I admit, I don't read many financial help books. About the closest I get is listening to Dave Ramsey on the radio occasionally (whom I like and respect, even if I want to yell at him that he does deserve how he's doing). So, with curiosity and a touch of trepidation, I opened the cover of Safe Money Millionaire by Brett Kitchen and Ethan Kap, and dove in.
A sales pitch makes me wary and I get the inclination to rebel (ask me the story of how I got rid of the Kirby salesman sometime), so after the intro titled "For Skeptics Only," I found myself even more skeptical.
Then I began reading the first chapter and was pleasantly surprised.
The chapter opened by telling a story, and this conversational style continued throughout. I liked this a lot, because I learn best that way and could better relate to the information. I really enjoyed the quotes given at the beginning of each chapter. The true stories of people such as Walt Disney, J.C. Penney, and Ray Kroc (the man who made McDonald's an empire) were fascinating. The advice was presented in a straightforward, simple manner and was nicely written.
I admit that my eyes glazed over a bit while reading about the stock market and the charts didn't mean much to me. Then again, I have never been interested in the stock market. However, what I did get out of this book was that it's very important to explore different options and that putting money in a 401(k) is generally not the best idea. After discussing some of the information with my husband, we had a good discussion which has led to some interesting avenues to check out. I told James (the major source of brains in this family) that he should read this book so it can help us decide what to do about our financial future. He is currently doing so.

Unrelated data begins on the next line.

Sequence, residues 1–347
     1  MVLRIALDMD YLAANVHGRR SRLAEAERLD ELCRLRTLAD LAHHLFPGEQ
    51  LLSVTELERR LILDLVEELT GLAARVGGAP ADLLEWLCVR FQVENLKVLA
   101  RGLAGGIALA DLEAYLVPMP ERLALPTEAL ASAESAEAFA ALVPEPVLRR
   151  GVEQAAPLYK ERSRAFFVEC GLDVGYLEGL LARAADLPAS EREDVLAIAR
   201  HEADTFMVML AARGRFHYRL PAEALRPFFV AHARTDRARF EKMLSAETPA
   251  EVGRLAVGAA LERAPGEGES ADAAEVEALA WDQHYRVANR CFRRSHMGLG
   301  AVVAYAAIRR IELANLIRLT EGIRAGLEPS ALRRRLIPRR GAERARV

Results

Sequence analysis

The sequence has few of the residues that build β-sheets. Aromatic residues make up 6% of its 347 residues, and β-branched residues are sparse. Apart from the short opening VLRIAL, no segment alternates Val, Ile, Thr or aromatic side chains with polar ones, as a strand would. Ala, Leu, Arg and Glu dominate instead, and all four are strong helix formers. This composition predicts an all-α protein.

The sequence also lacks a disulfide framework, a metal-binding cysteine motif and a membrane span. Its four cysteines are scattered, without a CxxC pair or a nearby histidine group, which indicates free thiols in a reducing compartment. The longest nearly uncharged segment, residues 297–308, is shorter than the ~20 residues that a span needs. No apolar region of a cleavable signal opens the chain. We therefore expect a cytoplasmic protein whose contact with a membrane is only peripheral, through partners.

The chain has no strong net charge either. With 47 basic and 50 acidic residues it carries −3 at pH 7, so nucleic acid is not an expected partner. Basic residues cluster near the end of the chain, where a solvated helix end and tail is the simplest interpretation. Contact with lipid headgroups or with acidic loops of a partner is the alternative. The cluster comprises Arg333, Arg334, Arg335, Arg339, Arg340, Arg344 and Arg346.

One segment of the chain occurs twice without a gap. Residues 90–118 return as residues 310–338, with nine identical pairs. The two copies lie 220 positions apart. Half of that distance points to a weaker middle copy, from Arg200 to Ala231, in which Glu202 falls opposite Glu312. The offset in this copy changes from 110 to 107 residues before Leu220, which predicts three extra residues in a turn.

Since I live in the Show Me state, I want down-to-earth, common sense financial advice. This book gives that--mostly. The only real issues I had were some of the legit reasons given to borrow money. In one of the stories, a man and his wife who have just lost their retirement through their 401(k) "desperately" need a kitchen remodel, and during their financial planning found they could borrow some for that reason. I found that a bit of a turnoff. A kitchen remodel would be nice thing to have, but it's far from a pressing need for most people I know. Another reason included borrowing a couple thousand dollars for a vacation, or for a car. If I borrow money, even if it's a relatively safe way to do it, I need a good reason. Otherwise I'm stuck with an unnecessary monthly payment, and I'd rather save up to pay for things that aren't emergencies. I would have liked to see the advice given to be prudent and use discretion on what a person borrows money for and how much--no matter how easy it would be to pay back.
The basic information on how the program works is given in the last half or so of the book--and I do mean very basic. The book recommends contacting special advisers, found through the website, who can help you make the most out of your financial decisions.Getting more information is vital to having the full benefit of the program. The information given is like artichoke dip at Olive Garden--it whets your appetite for more! I had never heard of options like these before, and they do sound intriguing.
I plan on checking further into the information presented in this book and on learning about more financial planning options in general. The best thing this book did for me was make me curious about learning about all the different options out there. Oh, and a great chocolate analogy came at the perfect time in the chapters to help me understand what the authors were saying. I definitely want to enjoy my chocolate bar and have plenty for my kids as well. Read Safe Money Millionaire to find out more about an interesting plan for obtaining more "chocolate" of your own!
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Review Disclaimer: I was given a copy of this book for the purpose of review, and have not been compensated in any fashion for my opinions.